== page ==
A keen-eyed observer might have noticed a few new icons pop up in their PES 2016 menu a few weeks back. The game's latest patch, weighing in at a hefty 3.9GB, brought with it a raft of Euro 2016 content - but Konami's been pretty quiet about the release. It's hard to imagine a more underwhelming launch for the official licensed game of an international football tournament.
It wasn't always this way. World Cup and European Championship tie-ins have typically been major events for publishers and gamers alike. Sitting as they do slightly outside the major franchises' Christmas-focused release calendar, they've offered both the chance for developers to indulge in a little non-iterative experimentation, and for gamers to soak up a simulation of unique contemporaneity - an experience specifically designed to be played for one month, and one month only.
EA's 2010 FIFA World Cup South Africa, for example, managed both to capture the atmosphere of the tournament and represent a FIFA 2010.5 in the improvements it made to the match engine. Many critics even preferred it to its full sequel, FIFA 2011. A decade earlier, the same publisher made the most of post-Euro '96 football fever with two complementary World Cup '98 releases. The first, FIFA: Road to the World Cup 98, is one of the most fondly remembered football games of all time, featuring as it does that famous Blur 'Song 2' intro, the bizarre option of indoor football, and a World Cup qualification mode of unprecedented depth.
As such the PES DLC pack, albeit being offered free as an apology for the game's bizarrely out-of-date release roster, is a pretty major disappointment. While the largely cosmetic nature of the update will satisfy most fans looking for a quick half-time match once June rolls around, it feels like a missed opportunity for PES Productions to correct a few flaws in the match engine and iron out the kinks in the game's menu system.
The rosters are currently still problematic. Although every squad has a full set of correct player names and spot-on likenesses, the default starting elevens are in many cases just plain wrong. While I can, at a stretch, envisage Fabian Delph lining up for England against Russia, JonJo Shelvey, given his recent form, is about as likely to receive a call-up as I am. We may now take EA's tireless diligence in this regard for granted, but that's the landscape PES finds itself in and it's clearly a feature it still struggles with. Konami says it will be updating line-ups and tweaking stats once squads are announced. That's still weeks away, though, and until then everything seems a little off.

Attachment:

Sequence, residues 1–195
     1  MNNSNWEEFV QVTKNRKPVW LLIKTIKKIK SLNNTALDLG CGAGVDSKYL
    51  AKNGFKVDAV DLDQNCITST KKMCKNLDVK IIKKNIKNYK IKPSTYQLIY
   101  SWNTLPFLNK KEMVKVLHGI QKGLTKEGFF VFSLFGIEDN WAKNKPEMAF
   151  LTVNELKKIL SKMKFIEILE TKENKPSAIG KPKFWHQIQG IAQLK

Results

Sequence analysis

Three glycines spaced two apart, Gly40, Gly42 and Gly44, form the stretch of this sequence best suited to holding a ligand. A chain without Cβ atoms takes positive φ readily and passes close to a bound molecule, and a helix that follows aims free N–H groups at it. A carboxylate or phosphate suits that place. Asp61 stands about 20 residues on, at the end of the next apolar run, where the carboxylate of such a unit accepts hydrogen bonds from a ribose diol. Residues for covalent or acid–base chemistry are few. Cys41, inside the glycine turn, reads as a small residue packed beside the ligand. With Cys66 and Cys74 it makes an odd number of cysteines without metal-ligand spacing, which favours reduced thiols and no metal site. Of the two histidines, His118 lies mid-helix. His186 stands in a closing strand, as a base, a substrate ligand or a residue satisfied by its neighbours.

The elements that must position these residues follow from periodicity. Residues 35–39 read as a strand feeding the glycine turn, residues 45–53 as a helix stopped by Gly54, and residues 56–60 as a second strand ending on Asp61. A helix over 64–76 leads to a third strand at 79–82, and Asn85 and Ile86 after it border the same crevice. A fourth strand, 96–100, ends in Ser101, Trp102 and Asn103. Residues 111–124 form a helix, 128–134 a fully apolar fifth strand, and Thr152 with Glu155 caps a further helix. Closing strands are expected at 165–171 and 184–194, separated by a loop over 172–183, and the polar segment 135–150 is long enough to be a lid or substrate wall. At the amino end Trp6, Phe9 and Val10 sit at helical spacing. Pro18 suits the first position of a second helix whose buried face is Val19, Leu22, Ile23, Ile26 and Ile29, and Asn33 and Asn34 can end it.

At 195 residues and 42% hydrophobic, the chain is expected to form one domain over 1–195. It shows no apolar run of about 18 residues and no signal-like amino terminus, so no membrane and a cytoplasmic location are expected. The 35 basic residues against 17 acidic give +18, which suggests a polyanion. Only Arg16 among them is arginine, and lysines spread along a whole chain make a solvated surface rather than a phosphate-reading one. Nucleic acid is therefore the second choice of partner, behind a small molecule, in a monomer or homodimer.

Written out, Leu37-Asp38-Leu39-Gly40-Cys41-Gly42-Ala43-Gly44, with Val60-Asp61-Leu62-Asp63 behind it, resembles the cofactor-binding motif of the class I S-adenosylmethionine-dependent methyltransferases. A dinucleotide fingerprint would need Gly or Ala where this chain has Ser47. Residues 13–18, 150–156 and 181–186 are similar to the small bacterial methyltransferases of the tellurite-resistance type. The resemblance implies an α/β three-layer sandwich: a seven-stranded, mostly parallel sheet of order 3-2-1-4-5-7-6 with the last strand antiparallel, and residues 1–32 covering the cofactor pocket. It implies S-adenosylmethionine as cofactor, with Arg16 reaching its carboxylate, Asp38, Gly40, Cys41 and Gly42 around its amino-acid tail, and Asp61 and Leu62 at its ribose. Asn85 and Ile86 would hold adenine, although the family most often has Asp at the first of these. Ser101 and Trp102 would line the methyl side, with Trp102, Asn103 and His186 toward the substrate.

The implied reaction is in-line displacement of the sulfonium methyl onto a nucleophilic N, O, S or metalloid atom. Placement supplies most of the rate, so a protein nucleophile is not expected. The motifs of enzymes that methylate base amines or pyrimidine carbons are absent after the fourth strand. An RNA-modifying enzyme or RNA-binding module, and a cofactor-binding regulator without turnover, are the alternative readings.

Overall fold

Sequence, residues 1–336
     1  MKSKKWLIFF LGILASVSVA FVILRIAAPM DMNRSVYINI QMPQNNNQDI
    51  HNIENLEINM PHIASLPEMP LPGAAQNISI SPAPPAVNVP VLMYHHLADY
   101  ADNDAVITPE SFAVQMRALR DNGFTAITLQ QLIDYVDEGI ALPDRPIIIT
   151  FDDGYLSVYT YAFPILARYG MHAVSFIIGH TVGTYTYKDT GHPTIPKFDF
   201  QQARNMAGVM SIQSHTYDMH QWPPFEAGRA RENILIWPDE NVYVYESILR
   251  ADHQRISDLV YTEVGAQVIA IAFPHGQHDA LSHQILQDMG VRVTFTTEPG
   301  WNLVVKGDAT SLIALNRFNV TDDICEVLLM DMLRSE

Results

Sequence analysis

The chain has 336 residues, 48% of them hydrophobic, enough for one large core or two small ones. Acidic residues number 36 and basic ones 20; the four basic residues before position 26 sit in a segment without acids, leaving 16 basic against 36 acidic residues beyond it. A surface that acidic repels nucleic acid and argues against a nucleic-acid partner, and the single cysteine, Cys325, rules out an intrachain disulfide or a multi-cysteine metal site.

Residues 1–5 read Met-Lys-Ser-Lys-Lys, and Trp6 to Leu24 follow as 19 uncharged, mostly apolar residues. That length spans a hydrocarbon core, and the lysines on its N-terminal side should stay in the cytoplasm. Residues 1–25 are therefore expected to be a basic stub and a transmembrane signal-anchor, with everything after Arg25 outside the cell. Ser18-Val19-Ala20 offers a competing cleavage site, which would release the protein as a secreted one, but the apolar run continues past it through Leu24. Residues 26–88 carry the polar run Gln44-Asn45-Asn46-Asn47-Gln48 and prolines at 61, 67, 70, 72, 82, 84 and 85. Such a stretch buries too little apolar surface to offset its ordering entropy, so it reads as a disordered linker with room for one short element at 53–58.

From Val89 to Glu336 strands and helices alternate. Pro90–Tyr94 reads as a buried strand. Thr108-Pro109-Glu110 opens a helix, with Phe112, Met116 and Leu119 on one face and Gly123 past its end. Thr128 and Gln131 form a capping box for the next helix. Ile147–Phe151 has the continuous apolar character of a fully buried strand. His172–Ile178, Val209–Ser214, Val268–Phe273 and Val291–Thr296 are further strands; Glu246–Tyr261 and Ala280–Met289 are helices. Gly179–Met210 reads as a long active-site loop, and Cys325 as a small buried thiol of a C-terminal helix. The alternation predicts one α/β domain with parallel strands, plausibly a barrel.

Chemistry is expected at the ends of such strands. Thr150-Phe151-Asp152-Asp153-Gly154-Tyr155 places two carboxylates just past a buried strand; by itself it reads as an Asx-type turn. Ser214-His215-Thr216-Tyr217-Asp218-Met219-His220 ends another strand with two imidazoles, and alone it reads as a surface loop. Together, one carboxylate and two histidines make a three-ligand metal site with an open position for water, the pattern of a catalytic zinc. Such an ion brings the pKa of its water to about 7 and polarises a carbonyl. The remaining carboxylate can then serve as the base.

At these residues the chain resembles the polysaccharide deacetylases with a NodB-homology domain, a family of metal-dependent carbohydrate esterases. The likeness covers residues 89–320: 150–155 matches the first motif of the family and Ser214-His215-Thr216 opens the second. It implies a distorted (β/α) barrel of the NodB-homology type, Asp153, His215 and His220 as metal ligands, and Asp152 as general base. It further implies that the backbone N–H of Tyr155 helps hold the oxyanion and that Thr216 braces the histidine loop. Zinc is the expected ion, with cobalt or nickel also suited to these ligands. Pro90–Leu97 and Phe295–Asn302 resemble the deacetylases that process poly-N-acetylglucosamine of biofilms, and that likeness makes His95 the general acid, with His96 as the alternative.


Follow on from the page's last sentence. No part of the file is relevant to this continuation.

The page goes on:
PES is also still in FIFA's shadow when it comes to presentation, and while it makes a decent fist of capturing the Euro 2016 feel through its liberal use of licensed imagery and music, it doesn't come close to matching 2014 FIFA World Cup Brazil, with its in-game radio stations, bespoke match-day challenges and CGI samba dancers. There's some new commentary, but not enough to prevent it quickly becoming irritatingly repetitive. And there's been little indication that any more will arrive over the next month.
Comparing PES's Euro 2016 download to a fully fledged World Cup release might seem a little unfair. But with a boxed retail product hitting shelves on Thursday that bundles together PES 2016 with its new update as well as a handful of small bonuses, I can't help but think that punters are going to feel short-changed. Although the fact that only 15 of the tournament's 24 teams is fully licensed has been a little overplayed - nine teams having slightly wrong kits shouldn't spoil anyone's party too much - we've come to expect more from such releases than a reskinned cup competition and a few new player faces.
Of course, there's always going to be a smaller budget for a competition that focuses solely on one continent. A more expansive Euro 2016 release would be unlikely to shift PES units in Latin America. And even EA has been guilty of treating the smaller tournament poorly - few of us will have fond memories of Gareth Belth striding down the left wing for Wales in Uefa Euro 2012, which was also DLC.
Nevertheless, for those of us who find filling the gaps between matches with a licensed game as much a part of the big tournament experience as houses bedecked with England flags, the Lightning Seeds, broken metatarsals and soul-crushing penalty shoot-out misses, the lack of a decent Euro 2016 game is bit of a shame. With it now being eight years since EA's UEFA Euro 2008, the last release to do the competition justice, it's probably a state of affairs we're all going to have to get used to.
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